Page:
SEATTLE - Nelson Agholor lost whatever remained of his confidence on Sunday.
His illegal formation penalty didn't exactly lose the game for the Eagles, but it was a momentum shifter, and when the 2016 season is all said and done, it will likely be cited as the mistake that doomed his team's fleeting playoff chances and whatever future the receiver might have had in Philadelphia.
"I've got to get out of my own head," said the Eagles wide receiver, who dropped a pass just a few plays after his penalty. "Pressing so much and worried about so much things."
One moment Zach Ertz was celebrating a 57-yard touchdown that would have tied the score, the next he turned around a saw a yellow flag on the turf.
"Obviously," Ertz said, "I was a little frustrated."
Twelve inches. If Agholor had lined up about 12 inches closer to the line of scrimmage, who knows what would have happened at CenturyLink Field? Instead, the Seahawks kicked a field goal on the ensuing possession and scored the next 13 points in what would be an eventual 26-15 victory.
"I'm not going to say that lost the game, because there was so many other plays," Ertz said of the penalty. "But it was a big part of the game."
It was third down and 6 with 5 minutes, 57 seconds left in the second quarter. The Eagles trailed, 13-7. Agholor lined up left of quarterback Carson Wentz, a step ahead of receivers Jordan Matthews and Dorial Green-Beckham. But he was at least a foot off the ball.
"I thought I covered the line as well as I should have," Agholor said. "But I should have checked with the [official]. That's the No. 1 thing - you've always got to check with the ref, and usually that's one of the first things I do."
It doesn't get any more elementary in football than knowing how to line up properly before the snap. Eagles coach Doug Pederson said he saw that Agholor was short of the line. He said he saw the official motioning for the receiver to move up. He said he thought about calling a timeout.
"I didn't want to necessarily burn the timeout . . . in that situation," Pederson said. "It's just unfortunate."
Wentz, from his vantage point, said that he "didn't notice anything."
"It's a little bit of [Agholor], it's a little bit of the quarterback, a little bit of me," Pederson said, when asked to assign blame. "I've got to make sure everyone understands situational football and formations and the type of things that we do. We just have to coach that better."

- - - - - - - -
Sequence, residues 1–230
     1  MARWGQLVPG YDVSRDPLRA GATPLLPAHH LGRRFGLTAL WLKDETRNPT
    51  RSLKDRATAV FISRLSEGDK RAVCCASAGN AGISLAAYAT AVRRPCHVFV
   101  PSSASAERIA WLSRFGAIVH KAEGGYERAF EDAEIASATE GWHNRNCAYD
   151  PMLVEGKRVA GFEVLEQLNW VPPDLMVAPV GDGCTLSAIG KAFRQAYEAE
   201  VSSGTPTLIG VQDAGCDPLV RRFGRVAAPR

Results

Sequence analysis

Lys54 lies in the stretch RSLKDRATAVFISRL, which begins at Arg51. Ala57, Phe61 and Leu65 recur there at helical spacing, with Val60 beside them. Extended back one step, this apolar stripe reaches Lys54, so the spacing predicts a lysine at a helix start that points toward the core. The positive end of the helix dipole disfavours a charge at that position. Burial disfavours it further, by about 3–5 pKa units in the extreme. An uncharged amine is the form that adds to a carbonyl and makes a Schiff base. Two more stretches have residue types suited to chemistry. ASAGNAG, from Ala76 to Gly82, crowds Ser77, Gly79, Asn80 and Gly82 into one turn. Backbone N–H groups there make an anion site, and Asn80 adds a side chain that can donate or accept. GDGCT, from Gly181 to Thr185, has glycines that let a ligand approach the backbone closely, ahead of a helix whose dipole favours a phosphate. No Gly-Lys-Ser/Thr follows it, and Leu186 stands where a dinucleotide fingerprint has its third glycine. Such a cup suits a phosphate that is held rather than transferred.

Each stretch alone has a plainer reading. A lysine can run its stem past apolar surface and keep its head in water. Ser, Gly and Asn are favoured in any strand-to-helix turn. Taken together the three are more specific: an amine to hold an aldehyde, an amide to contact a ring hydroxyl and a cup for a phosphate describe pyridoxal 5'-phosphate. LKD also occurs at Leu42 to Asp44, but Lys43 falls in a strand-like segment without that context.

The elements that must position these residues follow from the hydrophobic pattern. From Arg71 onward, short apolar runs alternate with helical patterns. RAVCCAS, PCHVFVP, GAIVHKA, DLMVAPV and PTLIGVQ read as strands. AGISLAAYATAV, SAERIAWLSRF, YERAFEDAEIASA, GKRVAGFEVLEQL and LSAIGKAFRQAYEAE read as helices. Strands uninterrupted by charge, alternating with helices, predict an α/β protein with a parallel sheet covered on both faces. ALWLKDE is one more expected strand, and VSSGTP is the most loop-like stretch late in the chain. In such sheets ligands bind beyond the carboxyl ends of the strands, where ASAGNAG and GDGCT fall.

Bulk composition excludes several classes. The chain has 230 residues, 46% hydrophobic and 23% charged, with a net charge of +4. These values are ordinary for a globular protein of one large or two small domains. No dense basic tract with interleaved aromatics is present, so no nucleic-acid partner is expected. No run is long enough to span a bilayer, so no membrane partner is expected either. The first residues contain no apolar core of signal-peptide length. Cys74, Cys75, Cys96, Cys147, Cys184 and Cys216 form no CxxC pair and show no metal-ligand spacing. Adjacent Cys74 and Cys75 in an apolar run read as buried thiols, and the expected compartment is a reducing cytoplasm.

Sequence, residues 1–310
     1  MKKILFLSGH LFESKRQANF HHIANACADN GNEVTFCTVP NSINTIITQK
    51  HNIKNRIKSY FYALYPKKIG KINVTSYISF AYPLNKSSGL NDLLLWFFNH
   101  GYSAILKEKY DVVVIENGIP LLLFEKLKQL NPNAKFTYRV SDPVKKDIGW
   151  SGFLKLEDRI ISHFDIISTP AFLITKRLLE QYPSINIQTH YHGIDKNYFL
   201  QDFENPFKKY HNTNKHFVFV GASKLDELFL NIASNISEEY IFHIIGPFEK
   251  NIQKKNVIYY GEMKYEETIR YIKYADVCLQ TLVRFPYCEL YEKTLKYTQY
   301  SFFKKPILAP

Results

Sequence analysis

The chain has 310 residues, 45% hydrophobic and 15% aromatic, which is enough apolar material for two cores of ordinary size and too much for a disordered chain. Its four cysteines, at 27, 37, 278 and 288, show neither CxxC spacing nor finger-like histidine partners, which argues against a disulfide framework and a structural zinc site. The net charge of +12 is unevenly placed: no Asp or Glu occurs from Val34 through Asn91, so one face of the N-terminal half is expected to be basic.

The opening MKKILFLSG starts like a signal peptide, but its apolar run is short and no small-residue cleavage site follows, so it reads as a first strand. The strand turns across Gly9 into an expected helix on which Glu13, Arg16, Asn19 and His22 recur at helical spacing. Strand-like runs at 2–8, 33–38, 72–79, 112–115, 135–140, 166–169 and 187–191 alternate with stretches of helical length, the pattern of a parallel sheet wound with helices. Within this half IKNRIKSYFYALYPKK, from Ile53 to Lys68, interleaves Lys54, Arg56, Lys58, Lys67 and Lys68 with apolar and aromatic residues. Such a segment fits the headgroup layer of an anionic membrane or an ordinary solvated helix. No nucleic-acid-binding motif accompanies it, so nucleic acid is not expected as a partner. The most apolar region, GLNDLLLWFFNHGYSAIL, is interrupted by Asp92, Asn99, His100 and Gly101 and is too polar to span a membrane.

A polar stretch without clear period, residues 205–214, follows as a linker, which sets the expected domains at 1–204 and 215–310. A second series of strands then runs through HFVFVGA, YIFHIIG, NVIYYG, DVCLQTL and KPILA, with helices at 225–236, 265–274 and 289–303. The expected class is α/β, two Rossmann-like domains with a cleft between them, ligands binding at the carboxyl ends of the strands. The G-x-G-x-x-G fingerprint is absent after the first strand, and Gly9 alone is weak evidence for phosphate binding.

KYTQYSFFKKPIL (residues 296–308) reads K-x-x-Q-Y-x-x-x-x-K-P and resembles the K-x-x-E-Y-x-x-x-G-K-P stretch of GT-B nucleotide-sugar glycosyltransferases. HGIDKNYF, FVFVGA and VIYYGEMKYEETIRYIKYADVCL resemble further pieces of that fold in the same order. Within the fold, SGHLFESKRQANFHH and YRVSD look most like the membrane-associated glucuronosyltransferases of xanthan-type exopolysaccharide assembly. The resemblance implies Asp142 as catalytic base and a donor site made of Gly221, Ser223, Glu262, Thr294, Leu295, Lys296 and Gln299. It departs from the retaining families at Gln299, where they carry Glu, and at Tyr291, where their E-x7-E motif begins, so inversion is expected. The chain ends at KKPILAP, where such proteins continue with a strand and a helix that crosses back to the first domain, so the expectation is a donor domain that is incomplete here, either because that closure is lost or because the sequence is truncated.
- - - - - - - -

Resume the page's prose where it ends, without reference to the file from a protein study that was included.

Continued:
When Agholor jogged to the sideline afterward, receivers coach Greg Lewis approached him with the look of a disappointed parent. It was impossible to read his lips, but it's safe to assume that he said something in the vein of: "How many times have we practiced this? How many times have we told you to check with the line judge?"
But the blunders keep happening.
"I don't have the answer for why mistakes happen," Lewis said. "They just happen. It's part of football."
It wasn't the first time that Agholor's failure to line up brought back an Ertz touchdown. Last season against the Redskins, he had an illegal formation penalty that nullified a would-be 11-yard touchdown by the tight end.
"I'm not mad at him at all," Ertz said. "It's not my job to critique how he plays. . . . He's trying his best. It's not like he went out there before the play and said, 'I'm going to take a touchdown away.' "
But he did take a touchdown away. In fact, he's taken away as many touchdowns in his career and he has caught. He pulled in a meaningless two-point conversion late in the game, but otherwise Agholor finished without a catch. It was the first time he was shut out all season.
On the series after Agholor's penalty, Wentz went to the receiver on first down. He found him streaking across the middle wide open. The pass was perfect. The ball hit Agholor in his hands, bounced off and fell to the carpet.
"I've got to go out there and catch the ball like this instead of with my hands because I'm thinking too much and so worried," Agholor said. "That's just a selfish thing I need to stop."
The receiver grabbed the back of his helmet and threw those hands down in frustration after the drop. Agholor has a case of the yips, which are often as much mental as they are physical. Afterward, cameras caught Jordan Matthews addressing his teammate and Agholor just sat there with a blank stare.
The 23-year-old receiver, whom the Eagles drafted in the first round last year, admitted that the pressure was getting to him. He has dropped at least five passes this season.
"I don't like see him down like that," Matthews said. "One good thing - hey, he's being honest and you can't fault him for that. But now that he said it, it's out, so, all right, let's reel it in, let's get back to basics."
Agholor will be the No. 1 target for fan ire, but the rest of the Eagles receivers weren't anything special, either. Early in the fourth quarter, Seahawks quarterback Russell Wilson, who caught a 15-yard touchdown pass from receiver Doug Baldwin on a trick play, had as many yards as the Eagles receivers combined.
Wentz, who wasn't sharp for much of the game, either, said that he still had confidence in Agohlor and the group.
"I see what they can do. I know they can get open," Wentz said. "I know they can make plays. Drops happen. Mistakes happen."
Agholor works as hard as anybody on the team. He routinely stays after practice and catches balls from the JUGs machine. Everyone affiliated with the Eagles insists that he has talent. But it might be time to cut bait.
"Football's a tough game, for tough people," Agholor said. "No matter who I play for or where I'm at, I need to focus on understanding that it's tough. I'm meant for this."
It was hard to believe him.